issue 16 summer 01
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Full-Scale Anti-Climax

Expectations are high. The 1999 Salzburg Festival, no less, has commissioned the internationally famous composer, Philip Glass (a Zen Buddhist) to write a large work as part of the millennium celebrations. The audience includes distinguished patrons, recording company executives and the world's press. The work has 12 movements that last more than 100 minutes and involves a large chorus, a children's choir, five soloists and a symphony orchestra. CDs add to the hype: the same performers have made a committed, well produced, lavishly presented studio recording, conducted by the able and committed Dennis Russell Davies.

Any big work called 'Symphony' inevitably invites comparison with the great achievements of Beethoven, Bruckner or Mahler. The composer's own blurb explains the high aspirations of the symphony's subtitle, Requiem, Bardo, Nirmanakaya. 'The millennium [is] a bridge between the past (represented by the Requiem), the present (the Bardo representing the 'in between') and culminating in Nirmanakaya (the future manifestation of Enlightened activity).' His plan 'represents a spectrum of the world's "wisdom" traditions', including texts from the Bible, Koran, Tibetan Book of the Dead, the Buddha's Fire Sermon, Shantideva's Bodhicaryavatara, Rumi and so on. Glass clearly aims to say something big and significant.

Philip Glass has written many large-scale scores for film and theatre, several with Robert Wilson. In the operas Satyagraha, Akhnaten and Einstein on the Beach, now more than 20 years old, Glass used static, block-like music to create vast, reflective, mesmerising stage rituals. These works have divided critical opinion, but, at their best, they explore the risky area around the monotony of ritual. In the theatre the music is one part of a visual and dramatic experience.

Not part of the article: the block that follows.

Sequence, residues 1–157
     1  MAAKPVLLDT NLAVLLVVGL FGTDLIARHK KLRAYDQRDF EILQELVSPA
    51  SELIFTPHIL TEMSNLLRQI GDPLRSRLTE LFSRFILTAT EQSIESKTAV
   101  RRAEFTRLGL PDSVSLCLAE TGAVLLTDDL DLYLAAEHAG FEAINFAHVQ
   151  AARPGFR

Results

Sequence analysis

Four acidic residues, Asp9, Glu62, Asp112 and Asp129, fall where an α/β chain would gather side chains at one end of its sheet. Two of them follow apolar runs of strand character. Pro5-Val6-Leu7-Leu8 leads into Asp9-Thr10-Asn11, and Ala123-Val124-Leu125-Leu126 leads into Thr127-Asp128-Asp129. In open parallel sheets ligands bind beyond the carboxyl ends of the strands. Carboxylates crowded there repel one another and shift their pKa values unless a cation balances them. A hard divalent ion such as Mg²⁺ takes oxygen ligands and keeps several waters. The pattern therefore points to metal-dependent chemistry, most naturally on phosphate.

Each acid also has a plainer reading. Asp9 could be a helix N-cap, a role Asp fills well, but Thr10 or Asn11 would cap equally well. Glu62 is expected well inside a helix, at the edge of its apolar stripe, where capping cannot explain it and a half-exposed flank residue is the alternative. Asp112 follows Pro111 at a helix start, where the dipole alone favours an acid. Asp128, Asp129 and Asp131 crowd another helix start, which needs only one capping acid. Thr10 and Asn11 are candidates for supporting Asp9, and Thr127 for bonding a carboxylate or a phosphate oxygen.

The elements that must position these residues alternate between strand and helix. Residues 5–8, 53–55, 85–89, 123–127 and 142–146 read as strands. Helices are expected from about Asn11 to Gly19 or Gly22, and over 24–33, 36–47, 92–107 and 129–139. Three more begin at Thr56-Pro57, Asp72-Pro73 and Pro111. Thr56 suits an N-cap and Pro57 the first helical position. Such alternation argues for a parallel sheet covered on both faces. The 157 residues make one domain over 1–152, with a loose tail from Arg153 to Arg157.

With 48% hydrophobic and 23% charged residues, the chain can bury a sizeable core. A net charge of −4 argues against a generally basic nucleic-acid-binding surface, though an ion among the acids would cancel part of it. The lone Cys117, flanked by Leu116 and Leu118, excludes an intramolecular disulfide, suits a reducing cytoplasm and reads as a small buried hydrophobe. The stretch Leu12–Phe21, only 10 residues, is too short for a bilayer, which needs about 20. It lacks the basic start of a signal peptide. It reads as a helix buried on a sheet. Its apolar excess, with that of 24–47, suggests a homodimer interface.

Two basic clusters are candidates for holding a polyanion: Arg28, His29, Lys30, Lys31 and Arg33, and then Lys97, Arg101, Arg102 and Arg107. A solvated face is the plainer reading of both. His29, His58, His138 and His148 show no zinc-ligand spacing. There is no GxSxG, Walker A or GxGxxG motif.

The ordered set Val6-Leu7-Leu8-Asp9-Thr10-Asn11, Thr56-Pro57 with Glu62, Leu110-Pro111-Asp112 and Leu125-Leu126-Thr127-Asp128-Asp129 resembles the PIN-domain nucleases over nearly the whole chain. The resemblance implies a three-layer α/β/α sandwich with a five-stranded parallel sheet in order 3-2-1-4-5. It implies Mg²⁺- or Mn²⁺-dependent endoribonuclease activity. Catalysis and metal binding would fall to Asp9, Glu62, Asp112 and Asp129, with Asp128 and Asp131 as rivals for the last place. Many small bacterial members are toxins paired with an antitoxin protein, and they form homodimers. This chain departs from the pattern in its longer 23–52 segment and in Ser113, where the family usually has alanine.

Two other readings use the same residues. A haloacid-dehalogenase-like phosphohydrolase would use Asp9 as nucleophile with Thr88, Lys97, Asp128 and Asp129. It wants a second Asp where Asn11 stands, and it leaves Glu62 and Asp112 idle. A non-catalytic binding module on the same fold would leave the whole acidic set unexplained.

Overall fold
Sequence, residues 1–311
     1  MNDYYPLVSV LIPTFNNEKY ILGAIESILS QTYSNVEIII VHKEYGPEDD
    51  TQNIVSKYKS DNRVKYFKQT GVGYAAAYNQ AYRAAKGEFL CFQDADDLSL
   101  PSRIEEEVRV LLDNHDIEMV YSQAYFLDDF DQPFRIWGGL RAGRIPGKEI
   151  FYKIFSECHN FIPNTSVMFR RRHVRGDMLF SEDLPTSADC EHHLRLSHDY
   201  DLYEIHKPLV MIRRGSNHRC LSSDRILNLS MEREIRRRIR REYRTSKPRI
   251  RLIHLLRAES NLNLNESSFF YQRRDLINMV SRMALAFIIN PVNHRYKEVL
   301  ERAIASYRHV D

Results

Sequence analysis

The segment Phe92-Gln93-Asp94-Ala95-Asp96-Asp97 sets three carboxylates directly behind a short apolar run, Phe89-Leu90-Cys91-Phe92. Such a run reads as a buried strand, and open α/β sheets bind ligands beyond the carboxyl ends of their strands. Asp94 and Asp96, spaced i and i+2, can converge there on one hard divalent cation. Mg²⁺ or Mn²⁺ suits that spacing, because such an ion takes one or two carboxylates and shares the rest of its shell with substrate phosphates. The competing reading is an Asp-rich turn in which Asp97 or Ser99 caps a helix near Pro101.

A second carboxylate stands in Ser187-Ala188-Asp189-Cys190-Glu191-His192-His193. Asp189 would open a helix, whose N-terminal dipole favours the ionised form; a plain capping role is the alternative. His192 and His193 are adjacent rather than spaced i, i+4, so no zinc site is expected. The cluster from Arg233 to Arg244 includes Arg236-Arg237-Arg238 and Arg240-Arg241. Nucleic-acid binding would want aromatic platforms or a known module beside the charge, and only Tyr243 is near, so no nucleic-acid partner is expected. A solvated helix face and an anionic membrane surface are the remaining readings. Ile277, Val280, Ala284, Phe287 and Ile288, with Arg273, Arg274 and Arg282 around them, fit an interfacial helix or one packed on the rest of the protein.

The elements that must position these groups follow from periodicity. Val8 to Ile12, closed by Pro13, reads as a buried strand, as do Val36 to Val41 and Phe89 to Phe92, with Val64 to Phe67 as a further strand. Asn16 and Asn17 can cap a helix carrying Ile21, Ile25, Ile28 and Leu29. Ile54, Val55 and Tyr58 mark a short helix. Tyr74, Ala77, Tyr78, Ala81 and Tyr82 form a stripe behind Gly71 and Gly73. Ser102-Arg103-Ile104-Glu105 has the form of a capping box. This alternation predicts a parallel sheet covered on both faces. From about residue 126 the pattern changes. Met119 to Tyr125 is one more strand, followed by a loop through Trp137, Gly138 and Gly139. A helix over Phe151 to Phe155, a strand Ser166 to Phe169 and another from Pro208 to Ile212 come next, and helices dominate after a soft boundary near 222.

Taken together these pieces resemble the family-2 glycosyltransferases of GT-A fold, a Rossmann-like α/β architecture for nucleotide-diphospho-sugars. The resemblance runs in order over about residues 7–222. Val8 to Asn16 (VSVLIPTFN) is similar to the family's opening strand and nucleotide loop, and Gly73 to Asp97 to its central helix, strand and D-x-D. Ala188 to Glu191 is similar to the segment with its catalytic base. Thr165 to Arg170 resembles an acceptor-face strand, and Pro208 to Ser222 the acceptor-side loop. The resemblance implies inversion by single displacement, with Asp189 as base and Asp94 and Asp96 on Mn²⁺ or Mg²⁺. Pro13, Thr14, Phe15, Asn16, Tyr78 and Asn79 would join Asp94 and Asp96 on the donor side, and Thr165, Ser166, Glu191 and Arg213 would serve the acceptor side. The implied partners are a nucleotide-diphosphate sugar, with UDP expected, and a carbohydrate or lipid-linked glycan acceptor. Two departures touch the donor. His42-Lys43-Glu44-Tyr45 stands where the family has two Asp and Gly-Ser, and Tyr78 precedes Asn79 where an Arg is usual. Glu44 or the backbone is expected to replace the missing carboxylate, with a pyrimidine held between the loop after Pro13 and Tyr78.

But in concert works this musical style causes problems for an audience used to listening for depth and subtlety. The music in this Symphony is mostly very simple: characteristically, series of harmonies are articulated as simple broken chords, in blended orchestration, with clear harmonic bass lines. Sometimes a simple scalar counter-melody or a decorative layer of percussion is added. In fact large chunks sound like a backing tape for a piece of music that we never actually hear.

The music relies on repetition (lots and lots of it!), juxtaposing contrasting blocks, and ending summarily. It is obsessive and at its best intriguing, even mesmerising. But because it doesn't aim for a denouement or catharsis, the repetition creates a sense of latent aggression.

The setting of the texts precludes personal expression. The music for the Fire Sermon and 'Judgement and Apocalypse' is louder and faster, but it is hardly subtle and articulates little of the content of these texts. In the final sections ('Paradise' and 'Dedication of Merit') Glass relieves the discomfort by introducing a gentler kind of obsessively repetitive music. But this is overlain with a veneer of cosy (commercially-inspired?) sentimentality. Does that match your vision of a Pure Land?

The best that can be said is that the texts embrace all mankind, and that in outline it offers a Buddhist view of Samsara and the possibility of Enlightenment. But I would much rather listen to a religious work that comes out of a depth of experience.

Philip Glass Symphony no. 5 Requiem, Bardo, Nirmanakaya, Nonesuch 7559 79618-2 (2CDs)

Taradasa, freelance music teacher and writer, worked for many years at the British Music Information Centre